There is a recent question I've favorited (starred) and been monitoring which has a lot of positive attention, views, and up-votes. The question has dozens of up-votes along with the answers, and there's a very interesting dynamic brewing there.
Keeping the Community Engaged
It is not a question I'm participating in directly. Feel free to check my recent activity if there's doubt. My vested interest here is only as a spectator and reader. It's rare to me in the areas I look at to see this much interest in something as opposed to an answer perfect for the FGITW who just fires one quickly and moves to the next question. To see a question with that much activity only tends to happen once every 10 pages worth of new questions in this area, while the majority of questions get a cynical, tired, and often routine response. These rare questions show me a community rising from the dead.
Update with Example
I got those looking around and trying to figure out which Q I'm talking about. So let me provide an example I'm comfortable to share of my own: Can we implement a doubly-linked list using a single pointer?. This one got closed just when the activity was starting to skyrocket. Now since I participated in answering this one, I'm not coming at this from the angle of like, "Oh no, this question got shut down after I spent so much time on the answer!" (though in honesty, I do feel that a bit, but I didn't even have the best answer there and possibly even better ones could have come in). More disappointing was just having a C thread like that go away and then leaving us with either routine homework-style Qs or esoteric ones about APIs, microcontrollers, and OSes that often either get one answer or none.
Definitely a Dupe But...
Yet I was dismayed to find, days later, that someone discovered it to be a duplicate of a much older question, and now it has two close votes. I followed the redirection link and I must admit that this new question is, in fact, very much a duplicate of the old one. There is no dispute there.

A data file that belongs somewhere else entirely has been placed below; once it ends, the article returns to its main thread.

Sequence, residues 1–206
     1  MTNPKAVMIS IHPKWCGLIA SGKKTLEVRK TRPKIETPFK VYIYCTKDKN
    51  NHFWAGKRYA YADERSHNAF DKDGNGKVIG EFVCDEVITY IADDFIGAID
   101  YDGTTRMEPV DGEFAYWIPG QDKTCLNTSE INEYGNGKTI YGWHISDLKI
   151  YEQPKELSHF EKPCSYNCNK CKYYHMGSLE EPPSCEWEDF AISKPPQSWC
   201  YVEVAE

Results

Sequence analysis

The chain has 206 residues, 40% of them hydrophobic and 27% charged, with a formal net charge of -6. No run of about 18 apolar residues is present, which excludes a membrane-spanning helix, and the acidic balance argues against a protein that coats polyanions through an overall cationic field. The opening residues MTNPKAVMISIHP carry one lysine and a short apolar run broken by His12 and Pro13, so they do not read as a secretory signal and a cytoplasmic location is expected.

The only subtle difference is that the old question is asking a slightly broader question (but slightly less general -- here "broad" as in requesting more details), so the answers there are "more complete" but "less specific". The bigger, more blatant difference is that the old question is old, obscure, and dusty, it only had 1 up-vote, and the answers aren't quite as varied and interesting (albeit almost all of them directly address the issue).
Now I don't want to link to this question here because my personal interest is to not see it closed. Let's just put this as a general question.
What should we do in this case when a new question which has far more positive community interest, views, and activity, is a duplicate of an obscure, hardly-viewed question which didn't have anywhere near the momentum and interest and variety as the new one?
I almost want to suggest redirecting the old one to be a duplicate of the newer, superior, much more mature one (where maturity is defined by participation rather than age). I'm just sad to see this new question which has so much more energy going for it than the old being shut down because some obscure question which hardly anyone viewed existed long before. I'm all for site cleanliness but it's kind of sad when a Q&A which has so much momentum gets killed like this in favor of some dull relic of the past. With the higher traffic, momentum starts to become a factor in producing more interesting information (and carrying that potential). Momentum doesn't last, it's a fleeting quality (and more so with high traffic), and a question that is only periodically shut down could lose it forever.
I see site posterity and mitigating duplicates as a strong need on one hand, but also there's keeping the energy and positive activity and interest of the participants going on the other hand because of the potential that carries for better answers than ever before. Even from the pure site posterity angle, this somewhat redundant Q seems to be contributing vastly more useful information to the site than a very narrowly-applicable disposable question requesting to debug one's homework, relatively-speaking.